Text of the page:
Normalize.css is a customisable CSS file that makes browsers render all elements more consistently and in line with modern standards.
The project relies on researching the differences between default browser styles in order to precisely target only the styles that need or benefit from normalizing.
npm install --save normalize.css
component install necolas/normalize.css
bower install --save normalize.css
No other styles should come before Normalize.css.
It is recommended that you include the
normalize.css file as untouched
What does it do?
- Preserves useful defaults, unlike many CSS resets.
- Normalizes styles for a wide range of elements.
- Corrects bugs and common browser inconsistencies.
- Improves usability with subtle improvements.
- Explains what code does using detailed comments.
- Google Chrome (latest)
- Mozilla Firefox (latest)
- Mozilla Firefox 4
- Opera (latest)
- Apple Safari 6+
- Internet Explorer 8+
Normalize.css v1 provides legacy browser support (IE 6+, Safari 4+), but is no longer actively developed.
Additional detail and explanation of the esoteric parts of normalize.css.
pre, code, kbd, samp
font-family: monospace, monospace hack fixes the inheritance and scaling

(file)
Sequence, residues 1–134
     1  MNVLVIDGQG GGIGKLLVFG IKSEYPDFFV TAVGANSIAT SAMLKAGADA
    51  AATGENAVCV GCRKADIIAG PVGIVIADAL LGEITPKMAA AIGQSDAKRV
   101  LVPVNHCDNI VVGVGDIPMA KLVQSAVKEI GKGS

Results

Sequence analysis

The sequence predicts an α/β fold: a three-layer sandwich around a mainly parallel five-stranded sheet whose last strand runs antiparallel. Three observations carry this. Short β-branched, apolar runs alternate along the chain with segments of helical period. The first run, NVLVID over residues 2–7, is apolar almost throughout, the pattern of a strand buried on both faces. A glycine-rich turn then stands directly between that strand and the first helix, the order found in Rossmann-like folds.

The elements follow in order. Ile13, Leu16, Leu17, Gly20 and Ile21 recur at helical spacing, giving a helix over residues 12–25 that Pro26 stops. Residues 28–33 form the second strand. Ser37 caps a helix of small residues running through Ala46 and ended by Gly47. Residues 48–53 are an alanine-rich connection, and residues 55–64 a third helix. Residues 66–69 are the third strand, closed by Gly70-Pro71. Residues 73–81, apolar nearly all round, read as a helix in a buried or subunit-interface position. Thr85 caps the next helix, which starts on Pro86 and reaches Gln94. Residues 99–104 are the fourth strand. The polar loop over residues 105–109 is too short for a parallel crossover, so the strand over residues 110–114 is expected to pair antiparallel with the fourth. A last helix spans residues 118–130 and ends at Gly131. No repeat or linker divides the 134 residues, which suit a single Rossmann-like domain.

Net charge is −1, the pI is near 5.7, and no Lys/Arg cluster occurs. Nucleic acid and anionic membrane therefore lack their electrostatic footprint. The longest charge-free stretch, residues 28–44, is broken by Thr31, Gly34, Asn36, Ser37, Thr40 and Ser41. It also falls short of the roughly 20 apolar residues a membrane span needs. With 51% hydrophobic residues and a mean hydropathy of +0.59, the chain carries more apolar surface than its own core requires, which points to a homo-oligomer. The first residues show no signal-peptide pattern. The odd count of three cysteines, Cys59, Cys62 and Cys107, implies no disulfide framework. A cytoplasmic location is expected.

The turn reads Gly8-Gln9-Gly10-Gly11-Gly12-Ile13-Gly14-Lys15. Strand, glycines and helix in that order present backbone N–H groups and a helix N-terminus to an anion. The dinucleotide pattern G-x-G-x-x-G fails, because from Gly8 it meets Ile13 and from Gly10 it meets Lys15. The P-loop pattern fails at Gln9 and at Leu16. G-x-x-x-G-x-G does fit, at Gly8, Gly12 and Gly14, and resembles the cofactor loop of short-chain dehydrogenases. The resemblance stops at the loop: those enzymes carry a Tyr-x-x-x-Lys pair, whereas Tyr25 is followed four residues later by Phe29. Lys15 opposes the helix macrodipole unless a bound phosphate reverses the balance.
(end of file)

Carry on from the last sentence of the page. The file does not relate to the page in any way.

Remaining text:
of font-size for preformated text. The duplication of
sup affects the line-box height of text in all
overflow: hidden fixes IE9's SVG rendering. Earlier versions of IE
don't support SVG, so we can safely use the
:root selectors that
modern browsers use in the default UA stylesheets to apply this style. SVG
Mailing List discussion
The search input is not fully stylable by default. In Chrome and Safari on
OSX/iOS you can't control
Chrome and Safari on Windows you can't control
border properly. It will apply
border-width but will only show a border color (which cannot be controlled)
for the outer 1px of that border. Applying
addresses these issues without removing the benefits of search inputs (e.g.
showing past searches).
border: 0 corrects an IE 8–11 bug where
color) is not
Please read the CONTRIBUTING.md